“Our writing used to be all guitar-oriented; it was usually me and Peter, or me and Peter and Bill, sitting down with guitars and writing songs. You can only take that so far.” Buck agrees. ‟On the last three or four records, there’s been a few songs that we go, ՙThat’s an R.E.M. song.’ We never end up using them because we’ve done that. I could do ՙDriver 8’ three times a day. And I know a lot of other people can, too.”

The lyrics — those elusive word paintings that have made Michael Stipe the messiah of university sensitivos everywhere — frequently go on last. But not always. “‘Nightswimming’ is something he wrote before Out of Time,” explains Buck. “We were supposed to put music to it. We wrote three or four different things for it [that didn’t work], so it didn’t make the record.”

While sharing some thoughts about the songs on the new album, Buck and Mills — forced, with no evident unease, into the odd position of having to speak for their bandmate, who opted to attend to video business rather than do interviews — gamely try to explain Stipe’s lyrics (as much as their meaning can be deduced, a task for which membership in R.E.M. apparently isn’t much help).

“Drive” is an atmospheric minor-key teen spirit song that sets the album’s instrumental tone with acoustic guitar and moody strings (arranged by ex-Zepster John Paul Jones and played by some of the same Atlanta Symphony members who were on the last album) but refers, in the lyrics and the vocal delay, to David Essex’s 1973 glam-rock classic “Rock On.” The song, which will be the album’s first single, “doesn’t sound a whole lot like us, doesn’t sound like anything on the radio,” says Buck. “It’s either going to totally stiff, or it’s going to really stand out.”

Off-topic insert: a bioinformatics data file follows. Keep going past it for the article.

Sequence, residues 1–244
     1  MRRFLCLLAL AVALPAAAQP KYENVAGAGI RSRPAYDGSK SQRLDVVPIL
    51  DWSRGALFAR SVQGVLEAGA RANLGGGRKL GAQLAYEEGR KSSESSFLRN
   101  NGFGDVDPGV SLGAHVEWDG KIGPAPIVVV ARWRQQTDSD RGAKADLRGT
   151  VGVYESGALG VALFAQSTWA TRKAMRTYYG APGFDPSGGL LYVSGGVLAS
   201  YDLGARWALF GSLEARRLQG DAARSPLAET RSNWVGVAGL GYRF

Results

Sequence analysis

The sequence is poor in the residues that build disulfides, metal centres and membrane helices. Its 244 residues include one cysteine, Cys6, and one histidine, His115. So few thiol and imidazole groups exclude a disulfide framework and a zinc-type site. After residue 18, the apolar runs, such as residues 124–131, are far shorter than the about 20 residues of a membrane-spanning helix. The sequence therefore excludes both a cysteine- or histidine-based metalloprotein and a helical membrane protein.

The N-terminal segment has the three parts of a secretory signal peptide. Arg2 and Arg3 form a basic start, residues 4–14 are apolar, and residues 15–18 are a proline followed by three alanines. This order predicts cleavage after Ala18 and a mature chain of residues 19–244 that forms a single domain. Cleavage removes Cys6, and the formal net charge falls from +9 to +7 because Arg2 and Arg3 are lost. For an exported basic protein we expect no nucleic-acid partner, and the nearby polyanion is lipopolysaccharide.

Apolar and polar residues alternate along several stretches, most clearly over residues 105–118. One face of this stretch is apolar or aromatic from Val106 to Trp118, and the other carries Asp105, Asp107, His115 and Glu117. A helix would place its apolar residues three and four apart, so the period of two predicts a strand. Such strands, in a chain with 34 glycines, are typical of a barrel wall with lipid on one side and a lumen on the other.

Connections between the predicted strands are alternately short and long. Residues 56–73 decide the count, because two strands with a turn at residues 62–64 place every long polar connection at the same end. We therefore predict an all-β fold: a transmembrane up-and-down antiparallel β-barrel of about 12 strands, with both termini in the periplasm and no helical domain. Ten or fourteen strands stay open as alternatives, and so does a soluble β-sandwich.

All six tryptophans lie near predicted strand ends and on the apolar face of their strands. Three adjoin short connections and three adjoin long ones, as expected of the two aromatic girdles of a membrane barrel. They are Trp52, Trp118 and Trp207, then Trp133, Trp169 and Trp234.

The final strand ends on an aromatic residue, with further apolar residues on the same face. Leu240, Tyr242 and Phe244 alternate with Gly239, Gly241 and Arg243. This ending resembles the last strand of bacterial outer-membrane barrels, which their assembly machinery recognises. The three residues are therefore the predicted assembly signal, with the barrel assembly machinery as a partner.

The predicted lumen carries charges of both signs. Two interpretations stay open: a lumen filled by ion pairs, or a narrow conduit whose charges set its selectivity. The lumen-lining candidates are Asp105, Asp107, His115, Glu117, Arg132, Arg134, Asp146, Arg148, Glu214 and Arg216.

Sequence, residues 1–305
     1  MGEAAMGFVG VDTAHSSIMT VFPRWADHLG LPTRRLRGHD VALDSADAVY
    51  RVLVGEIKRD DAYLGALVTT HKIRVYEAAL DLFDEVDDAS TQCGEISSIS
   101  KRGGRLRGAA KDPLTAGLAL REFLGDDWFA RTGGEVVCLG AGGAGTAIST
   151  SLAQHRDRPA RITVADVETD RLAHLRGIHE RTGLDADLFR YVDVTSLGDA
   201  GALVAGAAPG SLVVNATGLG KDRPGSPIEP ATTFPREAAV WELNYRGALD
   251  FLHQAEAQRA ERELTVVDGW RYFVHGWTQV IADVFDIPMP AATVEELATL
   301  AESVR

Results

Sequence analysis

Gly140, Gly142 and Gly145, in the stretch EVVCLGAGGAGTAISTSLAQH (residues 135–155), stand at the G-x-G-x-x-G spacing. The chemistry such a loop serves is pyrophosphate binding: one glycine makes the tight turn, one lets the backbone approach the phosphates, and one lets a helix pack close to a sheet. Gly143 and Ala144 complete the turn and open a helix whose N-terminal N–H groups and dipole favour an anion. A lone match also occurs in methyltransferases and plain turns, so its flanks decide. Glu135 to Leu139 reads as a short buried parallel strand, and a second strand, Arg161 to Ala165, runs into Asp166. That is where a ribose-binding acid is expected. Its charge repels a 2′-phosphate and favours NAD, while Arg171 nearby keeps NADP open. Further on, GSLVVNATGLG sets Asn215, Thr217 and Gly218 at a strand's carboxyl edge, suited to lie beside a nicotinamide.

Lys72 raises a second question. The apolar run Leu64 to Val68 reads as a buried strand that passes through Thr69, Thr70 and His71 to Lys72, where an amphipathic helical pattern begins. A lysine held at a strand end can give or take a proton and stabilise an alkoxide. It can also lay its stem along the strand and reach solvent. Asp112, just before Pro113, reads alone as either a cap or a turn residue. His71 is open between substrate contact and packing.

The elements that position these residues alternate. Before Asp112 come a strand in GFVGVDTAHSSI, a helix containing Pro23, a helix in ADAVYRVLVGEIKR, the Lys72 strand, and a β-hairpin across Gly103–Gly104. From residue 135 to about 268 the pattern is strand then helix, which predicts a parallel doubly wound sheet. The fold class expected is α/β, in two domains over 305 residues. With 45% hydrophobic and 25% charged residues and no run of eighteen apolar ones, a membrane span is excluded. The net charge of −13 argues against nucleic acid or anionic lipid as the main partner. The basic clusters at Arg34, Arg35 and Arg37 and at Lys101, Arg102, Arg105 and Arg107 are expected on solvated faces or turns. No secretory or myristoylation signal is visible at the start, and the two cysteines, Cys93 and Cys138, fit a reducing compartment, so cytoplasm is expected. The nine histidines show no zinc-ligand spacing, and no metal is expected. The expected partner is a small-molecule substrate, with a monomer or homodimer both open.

Mournful howls of guitar feedback (feedBuck?) unsettle “Try Not to Breathe,” an affecting reflection on death and life. “When I was doing the demo,” the guitarist recalls, “I had this little mic right in front of me and I was breathing really loud, and it was making too much noise. I said, ‘I’ll try not to breathe,’ and Michael took that as the title.”

“Sometimes with Michael, it helps to realize feet that there’s an overall scheme to the song, but some verses don’t refer to the body of the song.”

If something about the title and Stipe’s first four notes of “The Sidewinder Sleeps Tonite” sounds familiar, don’t bother pointing it out to R.E.M. The group paid for the rights to tickle those memory banks, approaching the authors of “The Lion Sleeps Tonight,” the Tokens’ 1961 hit (itself a pop rewrite of the African folk song “Wimoweh”), to cut a deal. Why didn’t R.E.M. just follow standard music-industry practice and pilfer whatever isn’t legally nailed down? “If we did that,” Mills explains, “some lawyer would call up [the songwriters] in a year and tell them they could sue us. We’d probably win, but who needs it? It’s much better to just cut it off at the pass.

“Half of the song is about somebody trying to get in touch with someone who can sleep on his floor. The other half — you’re on your own.”